July 19, 2019 5.07 pm This story is over 29 months old

Why County Council can’t simply hand Usher Gallery back to City Council

There’s the matter of a century-long lease to deal with

Lincolnshire County Council will find it difficult to simply hand the keys in and “walk away” from its tenancy of the Usher Gallery.

As reported this morning, the county’s leader Councillor Martin Hill said he was prepared to give responsibility back to the City of Lincoln council if they thought they could do better than the current proposals which aim to increase visitor numbers.

But, there would have to be a certain amount of legal wrangling it would seem, because the county has a 100-year lease of the building signed with the city.

Signed in 1974, the county is legally a tenant for the next 56 years until 2075 and as part of that, it is understood, has responsibility for the upkeep of the building.

Earlier this week, City Council leader Ric Metcalfe placed responsibility for “looking after the city’s rich historical artefacts” on the county and called on it to reconsider its plans for the Grade II listed building.

However, he refused to respond further to Councillor Hill’s comments this morning, and said: “We have only just received the county council’s business case, when it was released to the public.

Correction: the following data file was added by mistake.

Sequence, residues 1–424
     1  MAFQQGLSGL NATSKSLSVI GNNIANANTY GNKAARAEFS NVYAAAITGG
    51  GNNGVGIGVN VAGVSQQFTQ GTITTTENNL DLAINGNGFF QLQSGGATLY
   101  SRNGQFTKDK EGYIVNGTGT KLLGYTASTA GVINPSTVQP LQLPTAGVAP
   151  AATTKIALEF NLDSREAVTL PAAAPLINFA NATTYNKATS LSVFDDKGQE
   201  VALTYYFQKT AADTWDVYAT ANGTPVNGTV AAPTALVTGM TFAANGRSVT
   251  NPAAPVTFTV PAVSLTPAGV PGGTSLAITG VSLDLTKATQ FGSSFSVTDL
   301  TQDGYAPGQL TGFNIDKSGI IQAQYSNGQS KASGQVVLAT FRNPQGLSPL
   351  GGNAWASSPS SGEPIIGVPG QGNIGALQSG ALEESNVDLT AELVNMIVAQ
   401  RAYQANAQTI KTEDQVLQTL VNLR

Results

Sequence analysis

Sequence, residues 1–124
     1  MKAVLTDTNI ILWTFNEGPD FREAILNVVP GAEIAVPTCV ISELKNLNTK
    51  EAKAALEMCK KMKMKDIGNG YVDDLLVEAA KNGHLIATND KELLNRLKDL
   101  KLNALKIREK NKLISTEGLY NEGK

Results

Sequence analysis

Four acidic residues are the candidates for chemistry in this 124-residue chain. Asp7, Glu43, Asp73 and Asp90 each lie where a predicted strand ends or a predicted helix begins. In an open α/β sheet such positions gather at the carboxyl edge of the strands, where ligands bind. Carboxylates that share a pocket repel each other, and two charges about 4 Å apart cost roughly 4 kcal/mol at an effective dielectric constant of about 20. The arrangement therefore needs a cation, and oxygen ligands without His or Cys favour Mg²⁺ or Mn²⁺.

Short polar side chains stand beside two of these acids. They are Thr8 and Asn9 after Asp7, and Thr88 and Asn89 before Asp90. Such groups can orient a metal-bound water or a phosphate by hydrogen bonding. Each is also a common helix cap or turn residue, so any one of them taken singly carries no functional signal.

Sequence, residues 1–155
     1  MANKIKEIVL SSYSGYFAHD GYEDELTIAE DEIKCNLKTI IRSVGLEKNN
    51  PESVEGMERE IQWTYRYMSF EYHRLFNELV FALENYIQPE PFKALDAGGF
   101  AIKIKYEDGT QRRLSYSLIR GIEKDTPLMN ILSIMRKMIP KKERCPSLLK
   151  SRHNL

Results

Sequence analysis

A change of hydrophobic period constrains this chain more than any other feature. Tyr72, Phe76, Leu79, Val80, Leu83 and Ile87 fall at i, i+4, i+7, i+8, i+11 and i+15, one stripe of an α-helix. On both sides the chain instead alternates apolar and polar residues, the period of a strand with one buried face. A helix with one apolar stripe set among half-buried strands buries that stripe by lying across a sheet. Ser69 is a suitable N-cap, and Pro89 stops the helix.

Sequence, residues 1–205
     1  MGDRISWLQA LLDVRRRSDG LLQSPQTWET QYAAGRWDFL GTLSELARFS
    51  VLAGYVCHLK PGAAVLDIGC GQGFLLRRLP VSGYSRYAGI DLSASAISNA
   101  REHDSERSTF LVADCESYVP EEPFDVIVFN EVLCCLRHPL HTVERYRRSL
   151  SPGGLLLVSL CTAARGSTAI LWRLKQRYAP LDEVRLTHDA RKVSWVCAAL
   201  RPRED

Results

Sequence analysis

“It would not be appropriate to discuss this further until we’ve had time to digest their reasoning for walking away from an agreement that has stood for 45 years.

“As stated previously, we will respond in full once we’ve fully read the report.”

More than 800 people rejected the proposals in a recent consultation.

The authority has previously said it will consider interest from the Usher Gallery Trust and Historic Lincoln Trust in taking on the building.

As part of the public consultation the city council requested that the county council explored alternative opportunities to retain the building as an art gallery.

Lincoln’s Labour MP Karen Lee has also slammed the “disgraceful” decision to persist with plans to change the Usher Gallery.

During the consultation an online petition rose to over 2,000 signatures and protesters marched through the city to ‘save’ the gallery.

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